system of society which is even more bureaucratic, unfair and irresponsible than capitalism? If so, is the best we can hope for just a muddled rehash of what we have already? If socialism is what the people of Eastern Europe have overthrown in favour of capitalism, should we not accept that capitalism is here to stay, and try to reform it a little? The point of this book is to rescue socialism from the awful caricature which has been made of it in Russia and Eastern Europe; to remember what the point of socialism was when it was first put forward; to restore to it its democratic essence; and to hold out a real socialist alternative to the defeatist apathy that now paralyses the left. Forty years ago, George Orwell wrote a book about the future. It was titled 1984. One feature of the terrifying society he imagined was that words were used by governments to mean their opposites. The chief purpose of the Ministry of Truth was to tell lies; of the Ministry of Love to erase even the slightest affection between human beings. Orwell’s 1984 was and is a magnificent denunciation of a government which calls itself socialist while pursuing the most relentless campaign against socialism. But there is in the book no hope of change. Orwell’s nightmare apparently goes on forever. There seems no possibility of resistance to the awful dictatorship he outlines. The real 1984 has come and gone, and although things are bad they are nothing like as bad as Orwell suggested they might be. The regimes in Russia and Eastern Europe, which as a socialist he detested, have been overthrown by their own subjects. In the period immediately after the overthrow, of course, socialism is a hated word. It represents everything horrible about the old society. In the same way, if

Orwell’s 1984 society had been overthrown, words such as ‘truth’ and ‘love’ would have been hated words too. Gradually, however, words come back to their real meanings. Truth is the opposite of lies; love is the opposite of hate. And socialism is the opposite of capitalism and therefore entirely different from what it has been held up to be for 50 years and more. The argument in this book is that socialism, real socialism, is the only alternative to capitalism; and it is still worth fighting for.

1: The Foaming Wave
‘All these conditions cannot be fulfilled by pamphlets and leaflets, but only by the living political school, by the fight and in the fight, in the continuous course of the revolution.’ – Rosa Luxemburg.

‘EVER SINCE the beginning of time,’ says a disembodied voice over a picture of a spinning globe at the start of Cecil B. de Mille’s film Samson and Delilah, ‘man has striven to achieve a democratic state on earth.’ That is probably putting it a little high (especially as the voice goes on to assert: ‘such a man was Samson’), but there is some truth in it. For thousands of years there have been oppressors and oppressed; rich and poor; powerful and weak; and through all that time the first group have robbed the second. During all that time, too, people at the bottom have dreamt of a world where there would be no oppression but where people would live in peace without being robbed. Most of these Utopias were in heaven. The few that ever existed on earth were always in isolation from the real world.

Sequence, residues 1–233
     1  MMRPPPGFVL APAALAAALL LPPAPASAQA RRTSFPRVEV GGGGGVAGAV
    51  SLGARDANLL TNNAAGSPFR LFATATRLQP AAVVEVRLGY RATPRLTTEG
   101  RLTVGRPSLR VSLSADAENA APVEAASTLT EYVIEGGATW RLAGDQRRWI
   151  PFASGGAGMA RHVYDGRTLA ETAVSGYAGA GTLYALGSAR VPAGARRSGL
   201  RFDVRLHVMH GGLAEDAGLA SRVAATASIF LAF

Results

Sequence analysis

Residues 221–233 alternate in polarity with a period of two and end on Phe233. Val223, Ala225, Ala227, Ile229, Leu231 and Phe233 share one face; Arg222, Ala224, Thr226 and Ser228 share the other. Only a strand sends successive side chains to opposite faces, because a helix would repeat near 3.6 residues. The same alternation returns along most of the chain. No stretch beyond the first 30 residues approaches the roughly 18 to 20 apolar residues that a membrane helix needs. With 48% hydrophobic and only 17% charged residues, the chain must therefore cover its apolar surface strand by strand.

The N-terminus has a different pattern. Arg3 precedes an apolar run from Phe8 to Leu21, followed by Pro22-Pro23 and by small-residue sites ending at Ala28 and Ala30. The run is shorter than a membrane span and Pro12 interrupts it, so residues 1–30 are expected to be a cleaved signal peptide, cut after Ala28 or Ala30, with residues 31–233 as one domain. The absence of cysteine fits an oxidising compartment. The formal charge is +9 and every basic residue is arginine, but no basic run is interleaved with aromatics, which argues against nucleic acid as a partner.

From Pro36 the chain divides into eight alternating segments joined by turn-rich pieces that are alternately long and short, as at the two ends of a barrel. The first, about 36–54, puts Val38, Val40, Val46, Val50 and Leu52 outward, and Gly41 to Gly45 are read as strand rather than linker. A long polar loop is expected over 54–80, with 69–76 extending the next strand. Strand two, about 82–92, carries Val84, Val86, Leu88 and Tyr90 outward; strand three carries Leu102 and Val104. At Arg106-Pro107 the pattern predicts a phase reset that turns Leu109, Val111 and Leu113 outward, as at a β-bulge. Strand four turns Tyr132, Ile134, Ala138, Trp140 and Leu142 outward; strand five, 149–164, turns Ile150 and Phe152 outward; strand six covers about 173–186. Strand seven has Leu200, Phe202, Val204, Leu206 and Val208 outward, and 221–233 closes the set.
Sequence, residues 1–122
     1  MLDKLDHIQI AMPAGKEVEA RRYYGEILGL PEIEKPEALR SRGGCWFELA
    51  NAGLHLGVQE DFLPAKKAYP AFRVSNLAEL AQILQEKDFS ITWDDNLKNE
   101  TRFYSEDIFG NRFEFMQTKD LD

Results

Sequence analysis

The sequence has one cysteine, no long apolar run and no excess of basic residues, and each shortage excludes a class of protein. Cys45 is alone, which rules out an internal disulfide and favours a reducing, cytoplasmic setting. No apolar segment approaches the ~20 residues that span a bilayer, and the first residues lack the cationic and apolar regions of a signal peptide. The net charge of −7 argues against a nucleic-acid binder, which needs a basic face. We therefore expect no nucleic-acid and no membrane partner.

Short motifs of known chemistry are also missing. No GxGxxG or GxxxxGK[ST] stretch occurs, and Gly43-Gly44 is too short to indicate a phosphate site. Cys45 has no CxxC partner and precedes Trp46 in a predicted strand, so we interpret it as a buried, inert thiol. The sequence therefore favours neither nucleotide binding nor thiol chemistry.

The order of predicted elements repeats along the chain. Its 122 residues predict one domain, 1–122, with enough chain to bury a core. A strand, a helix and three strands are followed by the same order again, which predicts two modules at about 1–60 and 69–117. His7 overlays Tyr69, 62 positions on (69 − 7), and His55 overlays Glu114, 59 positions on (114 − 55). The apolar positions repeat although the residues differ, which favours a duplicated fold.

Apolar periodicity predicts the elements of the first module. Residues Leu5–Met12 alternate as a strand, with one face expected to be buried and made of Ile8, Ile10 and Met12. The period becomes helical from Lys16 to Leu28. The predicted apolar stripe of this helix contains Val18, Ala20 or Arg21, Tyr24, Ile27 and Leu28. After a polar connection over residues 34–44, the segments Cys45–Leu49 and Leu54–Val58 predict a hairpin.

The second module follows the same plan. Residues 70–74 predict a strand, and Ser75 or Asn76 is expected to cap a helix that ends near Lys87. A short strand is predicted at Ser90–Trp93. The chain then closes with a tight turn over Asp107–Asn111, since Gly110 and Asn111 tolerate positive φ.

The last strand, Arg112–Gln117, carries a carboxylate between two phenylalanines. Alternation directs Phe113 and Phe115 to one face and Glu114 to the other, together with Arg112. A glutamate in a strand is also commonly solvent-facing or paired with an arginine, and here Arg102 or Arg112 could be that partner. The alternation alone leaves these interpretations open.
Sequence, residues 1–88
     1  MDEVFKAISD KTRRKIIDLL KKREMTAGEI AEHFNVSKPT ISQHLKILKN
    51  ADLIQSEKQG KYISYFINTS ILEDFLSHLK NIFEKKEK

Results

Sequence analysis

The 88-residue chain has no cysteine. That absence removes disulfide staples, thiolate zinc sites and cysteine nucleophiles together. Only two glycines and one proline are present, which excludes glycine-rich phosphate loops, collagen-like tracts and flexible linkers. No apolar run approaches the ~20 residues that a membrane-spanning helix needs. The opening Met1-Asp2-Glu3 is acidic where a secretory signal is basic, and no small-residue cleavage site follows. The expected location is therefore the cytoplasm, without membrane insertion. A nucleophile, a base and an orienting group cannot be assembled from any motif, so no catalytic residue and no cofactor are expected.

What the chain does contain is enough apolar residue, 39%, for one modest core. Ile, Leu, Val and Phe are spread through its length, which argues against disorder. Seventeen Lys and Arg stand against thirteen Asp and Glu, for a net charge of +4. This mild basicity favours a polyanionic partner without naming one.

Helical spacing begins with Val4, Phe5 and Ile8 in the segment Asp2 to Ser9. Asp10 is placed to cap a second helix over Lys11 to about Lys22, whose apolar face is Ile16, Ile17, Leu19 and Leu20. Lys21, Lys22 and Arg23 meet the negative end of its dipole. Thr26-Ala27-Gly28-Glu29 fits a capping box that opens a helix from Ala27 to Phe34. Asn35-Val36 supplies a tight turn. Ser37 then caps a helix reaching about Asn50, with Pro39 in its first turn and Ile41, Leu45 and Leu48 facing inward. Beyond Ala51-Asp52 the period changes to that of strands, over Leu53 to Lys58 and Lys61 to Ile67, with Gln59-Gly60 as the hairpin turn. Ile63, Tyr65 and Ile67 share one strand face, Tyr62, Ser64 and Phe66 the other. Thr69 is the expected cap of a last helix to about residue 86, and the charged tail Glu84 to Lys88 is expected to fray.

completely changed the economic and social environment. If anyone was to progress at all from the lowest form of human life. and where the means of production could be owned not by marauding individuals but by society. to co-operate with one another in production. quite suddenly. The wealth which was produced under the new system was so enormous that there was. enough to go round. seize the land and steal a surplus from the people who tilled it. Workers were cooperating to produce. or go to war with other rulers in other parts of the world. for instance. They had to band together into classes. the system which emerged. It brought men and women together. why then should they not extend that cooperation to deciding what they produced. Capitalism. There would be more than enough for everyone. they had to turn themselves into rulers. to pool their resources with others so that they could more effectively rob the majority. The word ‘socialism’ was first used in France after the Great Revolution which finally put paid to feudalism. Distribution. there would be no need for anyone to fight anyone else. to feed everyone. Feudal backwardness and isolation were replaced by capitalist progress and growth. Obviously they could not do this as individuals. and to whom and how it was distributed? In such a cooperative society. production could be planned to fit everyone’s needs. exchange – everything else in society – could be organised socially. For the first time it was possible for people to imagine a society where everyone could live in relative equality: where there was no need for exploiters and exploited.In feudal times. and it would be distributed not on the basis of who had the . there was less than enough to go round: nothing like enough. It followed that in socialist society.